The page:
According to prof. Robert Sapolsky (he is a primatologist and neurobiologist, but usually all information he gives is very reliable), at the time of the conquest there was more cumulative information in the library of Toledo than in the whole Christendom, especially when it comes to philosophy and science. Could this be correct? How did repositories of knowledge (libraries) in Christian Europe compared with the Toledo library in number of volumes, reputation of authors, breadth and depth of topics covered, or other measures? In particular, how about the Byzantine libraries following the Carolingian Renaissance?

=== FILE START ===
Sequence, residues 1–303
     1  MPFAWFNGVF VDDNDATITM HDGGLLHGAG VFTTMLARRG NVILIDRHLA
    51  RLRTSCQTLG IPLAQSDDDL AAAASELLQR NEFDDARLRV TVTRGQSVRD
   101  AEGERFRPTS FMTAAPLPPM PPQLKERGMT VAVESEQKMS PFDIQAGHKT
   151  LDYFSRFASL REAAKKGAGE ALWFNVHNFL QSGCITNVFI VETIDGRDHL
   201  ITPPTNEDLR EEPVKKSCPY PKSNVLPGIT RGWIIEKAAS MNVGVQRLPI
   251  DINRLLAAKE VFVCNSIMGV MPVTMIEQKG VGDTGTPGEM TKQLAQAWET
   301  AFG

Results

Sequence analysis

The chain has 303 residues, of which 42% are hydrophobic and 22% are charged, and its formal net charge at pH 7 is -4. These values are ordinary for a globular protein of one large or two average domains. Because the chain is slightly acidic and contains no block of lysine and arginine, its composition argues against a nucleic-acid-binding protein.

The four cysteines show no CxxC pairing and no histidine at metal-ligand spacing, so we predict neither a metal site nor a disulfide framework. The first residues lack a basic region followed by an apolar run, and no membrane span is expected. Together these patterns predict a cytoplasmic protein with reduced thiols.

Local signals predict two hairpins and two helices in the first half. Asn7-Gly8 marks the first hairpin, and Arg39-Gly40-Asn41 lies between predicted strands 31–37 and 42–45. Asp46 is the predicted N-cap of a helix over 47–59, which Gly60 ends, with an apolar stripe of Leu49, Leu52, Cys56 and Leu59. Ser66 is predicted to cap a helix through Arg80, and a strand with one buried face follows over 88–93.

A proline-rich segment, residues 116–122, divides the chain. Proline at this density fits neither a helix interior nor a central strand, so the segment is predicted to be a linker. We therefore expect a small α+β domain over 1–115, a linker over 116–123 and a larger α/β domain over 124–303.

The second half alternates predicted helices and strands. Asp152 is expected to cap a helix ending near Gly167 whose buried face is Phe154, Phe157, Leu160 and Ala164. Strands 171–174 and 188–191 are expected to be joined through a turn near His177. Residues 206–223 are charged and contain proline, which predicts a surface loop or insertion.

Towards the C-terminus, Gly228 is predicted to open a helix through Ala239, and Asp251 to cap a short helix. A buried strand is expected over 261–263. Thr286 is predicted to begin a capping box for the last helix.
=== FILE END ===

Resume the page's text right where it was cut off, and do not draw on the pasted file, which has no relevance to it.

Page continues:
The answer has to contain some objective measure to fit the format of this forum, it could be e.g. the number of prominent antique/Arab philosophers whose works were known in Christian Europe before the conquest vs the books in the library, or some very significant works that were available in the library but not known in Christian Europe at the time, or any other objective measure that is available.
This is indirectly confirmed by the existence of Toledo School of Translators, but I could not find any quantitative references.